The Haudenosaunee people have always lived in balance with nature. They know the Creator’s gifts must be tended and preserved unto the seventh generation.
Keller George (1938-2023), Wolf Clan member of the Oneida Indian Nation Council, recalled the following story his great-grandmother told:
Long ago, before the Europeans first came to this land, the Haudenosaunee were happy and at peace with all the gifts the Creator had bestowed upon them. The lands where they dwelled had many thick forests. Numerous animals populated their lands, many of them fur-bearing. Birds of innumerable types inhabited the countryside. The rivers were flowing with myriad fish.
The Haudenosaunee had lived in America since time immemorial and had taken care of the gifts the Creator had granted to them, using only what they needed to survive.
One day, this all changed. From across the waters sailed a large winged canoe. On board this vessel were the Europeans, the newcomers, who eventually settled in Haudenosaunee country. The newcomers saw only plenty when they looked at the great forests the Creator had made. So with their axes, they cut down too many trees. The animals, which ran free and were killed only out of necessity by the Haudenosaunee, were nearly exterminated by the newcomers.
From the streams, the newcomers took too many fish. The once ample supply of birds were diminished by the newcomers and their guns. The land too was damaged, as the newcomers plowed too many acres. Seeing all of this waste made the Haudenosaunee sad. The Creator too was upset with the actions of the newcomers. The Creator knew the results of the waste and greed would become apparent and haunt the newcomer. The Creator had made Mother Earth in perfect balance, which the exploitations of the newcomers had upset.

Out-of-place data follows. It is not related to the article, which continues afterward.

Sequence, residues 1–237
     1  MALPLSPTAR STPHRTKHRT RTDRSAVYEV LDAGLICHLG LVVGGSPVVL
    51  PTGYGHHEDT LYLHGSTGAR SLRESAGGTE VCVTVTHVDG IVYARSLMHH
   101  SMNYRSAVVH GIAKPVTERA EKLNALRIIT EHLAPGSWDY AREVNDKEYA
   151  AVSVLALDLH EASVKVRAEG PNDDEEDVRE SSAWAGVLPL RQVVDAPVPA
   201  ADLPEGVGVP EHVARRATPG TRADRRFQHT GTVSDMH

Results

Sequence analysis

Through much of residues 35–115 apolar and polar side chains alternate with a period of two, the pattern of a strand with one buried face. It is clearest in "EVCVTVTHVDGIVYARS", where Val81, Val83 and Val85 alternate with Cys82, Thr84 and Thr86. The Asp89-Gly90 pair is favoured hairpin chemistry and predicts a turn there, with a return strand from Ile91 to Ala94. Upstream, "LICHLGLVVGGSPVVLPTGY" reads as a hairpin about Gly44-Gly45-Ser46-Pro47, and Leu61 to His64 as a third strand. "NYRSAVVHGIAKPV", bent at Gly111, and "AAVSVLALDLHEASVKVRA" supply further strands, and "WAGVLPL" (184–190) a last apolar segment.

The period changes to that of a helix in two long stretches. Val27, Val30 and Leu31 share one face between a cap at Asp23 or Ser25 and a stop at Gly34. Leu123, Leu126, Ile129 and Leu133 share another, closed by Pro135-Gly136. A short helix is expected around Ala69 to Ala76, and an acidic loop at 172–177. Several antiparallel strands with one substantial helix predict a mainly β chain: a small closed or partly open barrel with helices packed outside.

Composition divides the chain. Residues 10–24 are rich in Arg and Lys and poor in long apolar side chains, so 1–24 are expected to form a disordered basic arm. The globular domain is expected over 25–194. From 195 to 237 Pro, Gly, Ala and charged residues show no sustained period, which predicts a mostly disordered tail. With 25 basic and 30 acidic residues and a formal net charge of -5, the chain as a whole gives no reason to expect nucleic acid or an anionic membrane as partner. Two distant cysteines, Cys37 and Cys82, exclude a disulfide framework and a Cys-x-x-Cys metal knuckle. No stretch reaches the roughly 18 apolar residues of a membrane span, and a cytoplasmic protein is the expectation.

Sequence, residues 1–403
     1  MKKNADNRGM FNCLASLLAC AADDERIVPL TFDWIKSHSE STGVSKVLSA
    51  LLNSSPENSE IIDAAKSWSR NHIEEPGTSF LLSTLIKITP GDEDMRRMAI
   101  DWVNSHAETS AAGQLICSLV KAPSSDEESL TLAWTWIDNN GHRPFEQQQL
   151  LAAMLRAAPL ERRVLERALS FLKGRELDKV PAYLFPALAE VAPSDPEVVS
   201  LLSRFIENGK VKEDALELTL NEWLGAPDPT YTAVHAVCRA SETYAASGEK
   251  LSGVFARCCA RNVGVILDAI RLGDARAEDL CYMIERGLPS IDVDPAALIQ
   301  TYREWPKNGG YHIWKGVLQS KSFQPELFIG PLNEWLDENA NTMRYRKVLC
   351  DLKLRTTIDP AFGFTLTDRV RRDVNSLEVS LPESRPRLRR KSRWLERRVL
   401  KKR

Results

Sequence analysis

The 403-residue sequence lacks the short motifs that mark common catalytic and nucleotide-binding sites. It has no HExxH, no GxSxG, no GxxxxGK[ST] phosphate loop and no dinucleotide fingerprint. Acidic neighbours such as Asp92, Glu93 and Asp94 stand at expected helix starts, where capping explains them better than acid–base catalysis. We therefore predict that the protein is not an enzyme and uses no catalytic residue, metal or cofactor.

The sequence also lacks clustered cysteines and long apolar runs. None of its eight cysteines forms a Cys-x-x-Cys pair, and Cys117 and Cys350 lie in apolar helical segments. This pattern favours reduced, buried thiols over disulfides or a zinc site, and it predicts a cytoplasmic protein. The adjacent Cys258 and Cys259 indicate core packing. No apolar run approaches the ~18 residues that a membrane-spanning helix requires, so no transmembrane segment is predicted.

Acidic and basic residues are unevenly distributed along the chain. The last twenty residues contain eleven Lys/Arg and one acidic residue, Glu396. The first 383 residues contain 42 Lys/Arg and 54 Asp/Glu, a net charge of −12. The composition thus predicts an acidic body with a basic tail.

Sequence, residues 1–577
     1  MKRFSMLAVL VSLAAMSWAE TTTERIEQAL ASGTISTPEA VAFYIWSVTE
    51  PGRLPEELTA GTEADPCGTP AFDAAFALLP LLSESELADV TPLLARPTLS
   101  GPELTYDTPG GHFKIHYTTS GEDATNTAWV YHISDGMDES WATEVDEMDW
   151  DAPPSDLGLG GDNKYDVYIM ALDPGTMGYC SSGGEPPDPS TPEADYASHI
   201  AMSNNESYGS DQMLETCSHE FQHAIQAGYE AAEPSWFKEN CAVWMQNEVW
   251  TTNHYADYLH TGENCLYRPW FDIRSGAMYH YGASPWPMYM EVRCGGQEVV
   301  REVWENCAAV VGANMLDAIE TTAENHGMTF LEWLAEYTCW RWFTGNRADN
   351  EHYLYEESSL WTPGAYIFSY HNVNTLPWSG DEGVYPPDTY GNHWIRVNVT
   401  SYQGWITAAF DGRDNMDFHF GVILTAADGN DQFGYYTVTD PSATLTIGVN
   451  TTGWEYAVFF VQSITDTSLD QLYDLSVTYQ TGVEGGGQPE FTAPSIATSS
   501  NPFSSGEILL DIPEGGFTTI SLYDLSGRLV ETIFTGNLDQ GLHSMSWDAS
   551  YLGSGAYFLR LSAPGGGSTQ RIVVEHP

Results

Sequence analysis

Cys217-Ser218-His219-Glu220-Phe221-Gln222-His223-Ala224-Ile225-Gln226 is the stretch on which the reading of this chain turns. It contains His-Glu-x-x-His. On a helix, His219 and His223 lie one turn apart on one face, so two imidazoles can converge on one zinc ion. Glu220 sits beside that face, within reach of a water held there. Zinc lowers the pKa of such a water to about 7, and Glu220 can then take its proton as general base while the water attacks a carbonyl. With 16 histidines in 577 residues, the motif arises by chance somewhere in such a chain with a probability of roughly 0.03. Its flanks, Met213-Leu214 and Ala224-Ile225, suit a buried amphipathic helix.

And so it followed that the insect population increased because there were fewer birds to eat them. The insects in turn ate the crops. There were no trees left to stop the soil from eroding when the rains came. Flooding occurred when the rushing waters washed away towns and farms of the newcomers. The waters ran swiftly carrying the soil out to the sea.
The earth that remained was no longer heavy sod. When the winds came, they wreaked havoc on the soil and created dust storms. Dust and sand covered the newcomers’ homes. Now the newcomers knew they had been wasteful of the Creator’s bounty, and understood they must teach their children to be wiser.
To this end, the newcomers taught their children to plant trees to replace those previously chopped down. The new trees would eventually hold back the water that wore away the soil.
Into the rivers, the newcomers put fish to replenish that dwindling population. The fish in turn would eat the mosquitoes and other insects that worked against people. To help the fish in this endeavor, the newcomers made birdhouses to attract more winged creatures. The birds too would eat the harmful insects.
The newcomers knew that taking these conservation measures would please the Creator. The newcomers said: “The Creator will make this country thrive again and shine with beauty as it did before my ancestors came here and nearly destroyed it.”
“Indian people have always lived in balance with nature,” said Keller. “They know the Creator’s gifts must be tended and preserved for the next generation.”